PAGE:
It all started at a meeting of the National Union of Teachers. The quadratic equation was held aloft to the nation as an example of the cruel torture inflicted by mathematicians on poor unsuspecting school children. Intrigued by this accusation, the quadratic equation accepted a starring role on prime time radio where it was questioned by a formidable interviewer more used to taking on the Prime Minister. The (London) Times took space in its leader column, more usually reserved for weighty discussions on the moral (or otherwise) health of the modern world, to proclaim that the quadratic equation was useless, maths was useless and that no one wanted to study maths anyway, so why bother. Concerned lest dangerous admissions by the quadratic equation remain unchallenged, the vital importance of the equation to the survival of the UK was debated (a positive view was taken, you may be glad to know) in the British House of Commons.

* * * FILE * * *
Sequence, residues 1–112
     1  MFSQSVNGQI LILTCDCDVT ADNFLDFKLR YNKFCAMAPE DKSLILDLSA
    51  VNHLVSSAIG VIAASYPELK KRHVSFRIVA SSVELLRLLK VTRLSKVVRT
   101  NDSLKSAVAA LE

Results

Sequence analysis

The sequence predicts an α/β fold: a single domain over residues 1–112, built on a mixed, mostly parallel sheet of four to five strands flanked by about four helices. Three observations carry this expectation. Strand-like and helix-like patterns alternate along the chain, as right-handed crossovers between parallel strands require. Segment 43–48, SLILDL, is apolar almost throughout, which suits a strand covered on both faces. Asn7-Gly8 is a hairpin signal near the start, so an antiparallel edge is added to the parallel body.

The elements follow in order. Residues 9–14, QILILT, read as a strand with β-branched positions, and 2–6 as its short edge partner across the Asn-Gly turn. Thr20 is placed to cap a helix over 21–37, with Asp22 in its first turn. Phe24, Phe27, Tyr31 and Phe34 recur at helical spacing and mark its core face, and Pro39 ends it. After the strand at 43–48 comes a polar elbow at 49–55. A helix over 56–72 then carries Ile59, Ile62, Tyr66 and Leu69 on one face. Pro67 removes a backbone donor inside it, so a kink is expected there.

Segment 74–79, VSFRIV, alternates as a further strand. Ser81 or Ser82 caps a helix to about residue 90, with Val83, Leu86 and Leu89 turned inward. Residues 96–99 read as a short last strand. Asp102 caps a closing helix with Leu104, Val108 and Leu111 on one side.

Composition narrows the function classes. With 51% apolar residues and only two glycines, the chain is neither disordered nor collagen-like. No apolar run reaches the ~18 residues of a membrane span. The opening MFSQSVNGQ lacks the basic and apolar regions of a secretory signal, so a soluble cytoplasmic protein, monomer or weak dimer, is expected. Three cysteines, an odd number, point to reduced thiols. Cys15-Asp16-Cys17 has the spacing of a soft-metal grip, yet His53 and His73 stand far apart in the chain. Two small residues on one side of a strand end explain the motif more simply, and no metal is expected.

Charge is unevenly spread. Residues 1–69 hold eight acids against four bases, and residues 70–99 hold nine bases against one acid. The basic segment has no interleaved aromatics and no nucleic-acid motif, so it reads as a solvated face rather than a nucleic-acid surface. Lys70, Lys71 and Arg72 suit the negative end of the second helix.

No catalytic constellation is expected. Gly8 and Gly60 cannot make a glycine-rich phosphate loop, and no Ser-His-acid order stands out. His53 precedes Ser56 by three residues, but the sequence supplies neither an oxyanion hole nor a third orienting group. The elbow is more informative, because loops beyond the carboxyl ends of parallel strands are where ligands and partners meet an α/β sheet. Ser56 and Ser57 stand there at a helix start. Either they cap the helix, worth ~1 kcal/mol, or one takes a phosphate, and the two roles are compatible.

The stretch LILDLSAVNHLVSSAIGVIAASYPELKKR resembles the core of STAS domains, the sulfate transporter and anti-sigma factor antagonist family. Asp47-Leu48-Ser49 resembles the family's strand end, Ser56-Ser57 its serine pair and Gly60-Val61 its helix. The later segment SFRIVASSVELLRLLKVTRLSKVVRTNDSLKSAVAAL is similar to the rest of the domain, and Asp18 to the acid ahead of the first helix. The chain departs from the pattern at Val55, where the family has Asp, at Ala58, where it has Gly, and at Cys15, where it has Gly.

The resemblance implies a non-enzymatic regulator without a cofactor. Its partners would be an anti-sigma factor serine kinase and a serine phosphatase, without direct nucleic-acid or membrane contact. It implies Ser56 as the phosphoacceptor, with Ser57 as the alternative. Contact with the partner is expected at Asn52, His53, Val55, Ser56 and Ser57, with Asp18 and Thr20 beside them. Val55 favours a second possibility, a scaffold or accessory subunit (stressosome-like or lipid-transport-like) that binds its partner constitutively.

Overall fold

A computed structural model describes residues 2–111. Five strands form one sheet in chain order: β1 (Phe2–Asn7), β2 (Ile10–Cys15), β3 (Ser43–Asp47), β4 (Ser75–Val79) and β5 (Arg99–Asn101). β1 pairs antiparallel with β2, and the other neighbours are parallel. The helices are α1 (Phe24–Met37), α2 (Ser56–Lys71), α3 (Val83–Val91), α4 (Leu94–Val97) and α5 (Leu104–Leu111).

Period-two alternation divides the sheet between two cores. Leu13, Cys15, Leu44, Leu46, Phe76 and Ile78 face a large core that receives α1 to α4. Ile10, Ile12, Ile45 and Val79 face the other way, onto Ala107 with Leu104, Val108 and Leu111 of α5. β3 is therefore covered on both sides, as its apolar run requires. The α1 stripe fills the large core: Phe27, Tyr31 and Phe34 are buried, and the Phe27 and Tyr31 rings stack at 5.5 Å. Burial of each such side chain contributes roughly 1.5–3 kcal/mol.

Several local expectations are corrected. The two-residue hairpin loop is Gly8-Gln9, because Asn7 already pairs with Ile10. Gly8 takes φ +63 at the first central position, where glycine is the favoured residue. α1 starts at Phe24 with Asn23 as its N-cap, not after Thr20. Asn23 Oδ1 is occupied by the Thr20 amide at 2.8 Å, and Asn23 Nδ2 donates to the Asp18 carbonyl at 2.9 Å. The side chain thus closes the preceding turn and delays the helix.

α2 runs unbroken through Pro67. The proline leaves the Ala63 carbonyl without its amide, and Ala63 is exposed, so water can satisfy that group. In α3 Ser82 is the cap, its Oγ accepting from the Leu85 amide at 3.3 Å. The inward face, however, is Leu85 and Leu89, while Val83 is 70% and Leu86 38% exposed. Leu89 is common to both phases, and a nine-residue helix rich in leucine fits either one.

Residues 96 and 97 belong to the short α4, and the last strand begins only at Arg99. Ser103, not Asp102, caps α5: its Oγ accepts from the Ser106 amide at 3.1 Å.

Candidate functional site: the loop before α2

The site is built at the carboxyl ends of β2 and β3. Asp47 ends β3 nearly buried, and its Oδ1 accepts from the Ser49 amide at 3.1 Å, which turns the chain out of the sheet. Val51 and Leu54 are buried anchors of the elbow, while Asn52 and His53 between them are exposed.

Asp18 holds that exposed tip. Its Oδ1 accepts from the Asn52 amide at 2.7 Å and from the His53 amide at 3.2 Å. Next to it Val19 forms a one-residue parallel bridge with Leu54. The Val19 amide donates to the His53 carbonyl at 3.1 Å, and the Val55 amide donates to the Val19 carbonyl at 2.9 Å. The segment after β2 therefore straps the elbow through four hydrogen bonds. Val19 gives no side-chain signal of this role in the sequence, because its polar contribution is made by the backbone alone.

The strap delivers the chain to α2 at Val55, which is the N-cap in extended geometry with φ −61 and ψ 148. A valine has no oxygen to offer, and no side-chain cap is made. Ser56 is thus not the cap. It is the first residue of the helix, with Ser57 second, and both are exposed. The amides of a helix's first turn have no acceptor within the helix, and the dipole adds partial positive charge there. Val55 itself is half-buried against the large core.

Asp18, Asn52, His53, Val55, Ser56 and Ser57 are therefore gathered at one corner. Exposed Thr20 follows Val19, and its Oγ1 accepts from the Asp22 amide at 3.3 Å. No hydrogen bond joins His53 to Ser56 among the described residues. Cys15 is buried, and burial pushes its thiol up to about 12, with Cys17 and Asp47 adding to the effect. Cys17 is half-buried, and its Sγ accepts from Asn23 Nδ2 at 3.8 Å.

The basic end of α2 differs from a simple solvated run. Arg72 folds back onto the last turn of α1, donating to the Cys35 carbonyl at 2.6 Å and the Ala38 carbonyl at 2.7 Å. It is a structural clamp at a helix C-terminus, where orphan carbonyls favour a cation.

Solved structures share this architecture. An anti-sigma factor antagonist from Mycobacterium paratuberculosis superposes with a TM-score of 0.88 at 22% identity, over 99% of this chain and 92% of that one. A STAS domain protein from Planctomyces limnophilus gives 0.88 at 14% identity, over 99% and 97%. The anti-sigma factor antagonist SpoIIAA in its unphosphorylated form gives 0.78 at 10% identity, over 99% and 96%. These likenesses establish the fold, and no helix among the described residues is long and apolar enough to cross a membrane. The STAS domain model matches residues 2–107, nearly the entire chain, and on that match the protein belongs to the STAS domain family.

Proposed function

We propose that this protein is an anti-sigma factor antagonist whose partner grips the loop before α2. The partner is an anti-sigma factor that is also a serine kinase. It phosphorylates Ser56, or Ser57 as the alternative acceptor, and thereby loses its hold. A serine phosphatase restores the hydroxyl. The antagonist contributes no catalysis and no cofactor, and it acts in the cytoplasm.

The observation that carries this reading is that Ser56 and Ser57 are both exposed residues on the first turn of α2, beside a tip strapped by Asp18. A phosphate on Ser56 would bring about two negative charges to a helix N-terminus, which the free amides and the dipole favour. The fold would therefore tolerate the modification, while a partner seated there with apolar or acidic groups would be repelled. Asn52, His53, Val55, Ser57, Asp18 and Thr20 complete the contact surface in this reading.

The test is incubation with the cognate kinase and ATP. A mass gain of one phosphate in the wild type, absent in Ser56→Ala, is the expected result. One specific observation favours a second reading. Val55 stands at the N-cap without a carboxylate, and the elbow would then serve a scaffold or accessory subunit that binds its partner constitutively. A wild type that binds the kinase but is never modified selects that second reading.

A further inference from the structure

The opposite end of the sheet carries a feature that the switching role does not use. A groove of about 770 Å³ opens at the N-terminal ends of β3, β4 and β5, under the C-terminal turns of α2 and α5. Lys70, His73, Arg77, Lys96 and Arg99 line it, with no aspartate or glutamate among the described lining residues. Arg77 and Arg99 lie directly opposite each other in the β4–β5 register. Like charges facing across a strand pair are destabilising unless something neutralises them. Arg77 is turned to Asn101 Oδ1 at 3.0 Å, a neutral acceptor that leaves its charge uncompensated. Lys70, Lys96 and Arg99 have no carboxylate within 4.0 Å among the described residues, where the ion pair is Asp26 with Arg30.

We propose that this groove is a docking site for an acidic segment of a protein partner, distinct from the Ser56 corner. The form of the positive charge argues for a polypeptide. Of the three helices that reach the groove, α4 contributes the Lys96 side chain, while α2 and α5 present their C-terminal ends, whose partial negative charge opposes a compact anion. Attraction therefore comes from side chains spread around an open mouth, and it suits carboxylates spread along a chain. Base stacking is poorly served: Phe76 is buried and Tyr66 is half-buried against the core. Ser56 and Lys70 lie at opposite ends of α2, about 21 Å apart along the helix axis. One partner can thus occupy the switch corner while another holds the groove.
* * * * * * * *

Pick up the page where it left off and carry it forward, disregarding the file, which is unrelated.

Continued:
Where would it all end? Was the quadratic equation really dead? Did anyone care? Are mathematicians really evil monsters who only want to inflict quadratic equations on a younger generation as a means of corrupting their immortal souls?
Maybe so, but it's not really the quadratic equation's fault. In fact, the quadratic equation has played a pivotal part in not only the whole of human civilisation as we know it, but in the possible detection of other alien civilisations and even such vital modern activities as watching satellite television. What else, apart from the nature of divine revelation, could be considered to have had such an impact on life as we know it? Indeed, in a very real sense, quadratic equations can save your life.